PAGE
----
Mathematical Oncology

Fitness seascapes in evolutionary medicine

A step beyond the fitness landscape model

Written by Eshan S. King - November 09, 2022

Fitness seascapes are necessary for realistic modeling of the evolutionary response to drug therapy

Eshan S. King, Jeff Maltas, Davis T. Weaver, Rowan Barker-Clarke, Julia Pelesko, Emily Dolson, Jacob G. Scott

Read the preprint

We recently released an updated version of our preprint, “Fitness seascapes are necessary for realistic modeling of the evolutionary response to drug therapy”. This is my first first-author paper and represents the first of my dissertation work to be published. Here, I will describe the motivation of this work and some of our findings.

Disease populations within a patient, such as tumors or infectious, never experience a constant environment during treatment—the drug concentration within a patient rises and falls due to pharmacokinetic effects and diffusion within tissue generates a concentration gradient. In light of this, an important question to consider in evolutionary medicine is how we can predict the evolution of drug resistance when the selection pressure varies in time and space. To address this question, we explored fitness seascapes, which we model as collection of genotype-specific drug dose-response curves. In contrast to the fitness landscape model, where evolution is described as a hill-climbing process approaching the top of a fitness peak, peaks in fitness seascapes rise and fall as a function of drug concentration, analogous to the rising and falling of waves in an ocean.

We measured a fitness seascape in a genetically engineered E. coli carrying a combinatorially complete subset of resistance-conferring mutations in the beta-lactamase genes (4 point mutations, 16 genotypes in total). We measured the dose response curve for each genotype subject to cefotaxime, a beta-lactam antibiotic. We found evidence for fitness trade-offs, or evolutionary costs to resistance—a higher number of mutations was associated with a higher level of resistance, but at the cost of a lower drug-free growth rate. Mutants seemed to “trade” drug-free growth rate in exchange for drug resistance.


The complete fitness seascape is here, with fitness landscapes shown as cross section of the seascape at a given drug concentration:


Fitness trade-offs cause the evolutionary landscape to change as a function of drug concentration, highlighting the importance of considering not just a binary fitness metric—i.e., drug susceptible or resistant—but the full adaptive fitness seascape.

We used this data to parameterize an evolutionary model to explore the utility of fitness seascapes in evolutionary medicine. First, we sought to subjectively replicate a prior in-vitro study, “Evolutionary rescue from extinction is contingent on a lower rate of environmental change” (Lindsey et al, 2013). We modeled a population of bacterial subject to different rates of change in drug concentration, finding that higher rates of change (kabs in the figure) resulted in lower rates of resistance and lower rates of evolutionary escape from extinction.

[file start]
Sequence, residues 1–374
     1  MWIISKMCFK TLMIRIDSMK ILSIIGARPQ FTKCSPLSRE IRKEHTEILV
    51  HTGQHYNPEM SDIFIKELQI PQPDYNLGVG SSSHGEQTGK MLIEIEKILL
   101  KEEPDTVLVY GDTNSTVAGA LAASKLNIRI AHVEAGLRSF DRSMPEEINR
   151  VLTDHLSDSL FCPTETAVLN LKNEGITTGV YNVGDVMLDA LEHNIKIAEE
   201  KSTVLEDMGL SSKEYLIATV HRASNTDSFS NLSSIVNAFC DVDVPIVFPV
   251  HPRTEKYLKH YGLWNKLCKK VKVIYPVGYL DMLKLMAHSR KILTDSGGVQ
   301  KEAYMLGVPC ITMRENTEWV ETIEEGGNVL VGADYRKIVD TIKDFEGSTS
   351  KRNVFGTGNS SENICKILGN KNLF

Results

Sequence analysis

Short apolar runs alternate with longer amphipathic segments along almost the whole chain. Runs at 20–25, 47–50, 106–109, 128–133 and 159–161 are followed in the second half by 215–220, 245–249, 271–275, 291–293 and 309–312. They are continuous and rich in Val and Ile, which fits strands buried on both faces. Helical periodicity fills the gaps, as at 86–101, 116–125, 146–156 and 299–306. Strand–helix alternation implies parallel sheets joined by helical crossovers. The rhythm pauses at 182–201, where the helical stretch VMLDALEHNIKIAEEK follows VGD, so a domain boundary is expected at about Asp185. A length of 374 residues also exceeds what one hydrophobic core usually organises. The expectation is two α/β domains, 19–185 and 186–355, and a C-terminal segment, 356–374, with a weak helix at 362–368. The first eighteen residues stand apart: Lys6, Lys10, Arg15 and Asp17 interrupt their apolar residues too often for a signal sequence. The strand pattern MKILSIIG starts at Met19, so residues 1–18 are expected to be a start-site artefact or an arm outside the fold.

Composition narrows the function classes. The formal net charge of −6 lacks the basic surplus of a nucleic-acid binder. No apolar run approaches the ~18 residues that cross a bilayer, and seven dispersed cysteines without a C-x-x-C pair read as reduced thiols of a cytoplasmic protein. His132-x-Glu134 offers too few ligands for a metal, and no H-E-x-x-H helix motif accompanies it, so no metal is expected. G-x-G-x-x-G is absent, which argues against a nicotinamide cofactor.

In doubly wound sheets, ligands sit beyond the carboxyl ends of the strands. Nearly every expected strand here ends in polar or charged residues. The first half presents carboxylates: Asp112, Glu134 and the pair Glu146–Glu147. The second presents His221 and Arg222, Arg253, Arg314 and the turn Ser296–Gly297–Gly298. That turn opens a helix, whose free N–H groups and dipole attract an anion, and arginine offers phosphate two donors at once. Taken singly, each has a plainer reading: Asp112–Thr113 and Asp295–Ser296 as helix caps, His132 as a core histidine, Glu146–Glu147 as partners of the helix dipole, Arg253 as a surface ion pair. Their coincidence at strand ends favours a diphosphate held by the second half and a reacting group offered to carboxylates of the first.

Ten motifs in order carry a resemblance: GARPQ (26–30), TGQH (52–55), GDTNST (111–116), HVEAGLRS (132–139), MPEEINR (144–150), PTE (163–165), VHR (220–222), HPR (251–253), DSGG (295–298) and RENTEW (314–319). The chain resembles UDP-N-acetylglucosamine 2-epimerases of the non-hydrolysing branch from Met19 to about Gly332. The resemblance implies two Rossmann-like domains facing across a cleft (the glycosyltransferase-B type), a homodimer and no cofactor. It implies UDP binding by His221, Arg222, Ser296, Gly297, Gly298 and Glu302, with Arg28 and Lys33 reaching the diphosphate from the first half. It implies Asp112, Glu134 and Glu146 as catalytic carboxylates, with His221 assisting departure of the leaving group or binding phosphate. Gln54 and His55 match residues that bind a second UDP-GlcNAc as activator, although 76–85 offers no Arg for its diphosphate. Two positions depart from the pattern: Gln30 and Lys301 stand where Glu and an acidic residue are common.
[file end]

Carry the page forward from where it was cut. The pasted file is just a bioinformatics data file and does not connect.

Then, we simulated patients undergoing a daily drug regimen to treat an infection with varying rates of nonadherence. Briefly, simulated patients had a constant rate of “forgetting” to take each individual drug dose, and a unique drug dosing schedule and resulting drug concentration curve was generated for each patient. As expected, we found that higher rates of nonadherence were associated with higher rates of drug resistance.


After digging into our simulated patient nonadherence experiment, we found some interesting findings. Early regimen adherence was found to be critical for successfully eliminating the infection (y-axis here is roughly the importance of each dose):


In addition, we found that the time between the first two administered doses is highly correlated with treatment success. Almost every simulated patient that successfully eliminated their infection had 1 day between their first two doses. We think that this illustrates a two-strike model of disease extinction: the first strike drives a susceptible population to a small size, reducing diversity, while the second strike exploits the vulnerability of small populations (adapted from Gatenby et al, 2020).


We believe that considering fitness trade-offs is important for modeling the emergence of drug resistance within a patient. The fitness seascape model presented here is a relatively facile and scalable platform for predicting evolution when the selection pressure varies in time and space.


  1. King, E. S, Maltas, J., Weaver, D. T., Barker-Clarke, R., Pelesko, J., Dolson, E. & Scott. J. G., Fitness seascapes are necessary for realistic modeling of the evolutionary response to drug therapy, bioRxiv, 2022. doi: 10.1101/2022.06.10.495696
  2. Lindsey, H. A., Gallie, J., Taylor, S. & Kerr, B., Evolutionary rescue from extinction is contingent on a lower rate of environmental change. Nature 494, 463–467, 2013. doi: 10.1038/nature11879
  3. Gatenby, R. A., Artzy-Randrup, Y., Epstein, T., Reed, D. R. & Brown, J. S., Eradicating metastatic cancer and the eco-evolutionary dynamics of anthropocene extinctions. Cancer Res. 80, 613–623, 2020. doi: 10.1158/0008-5472.CAN-19-1941342
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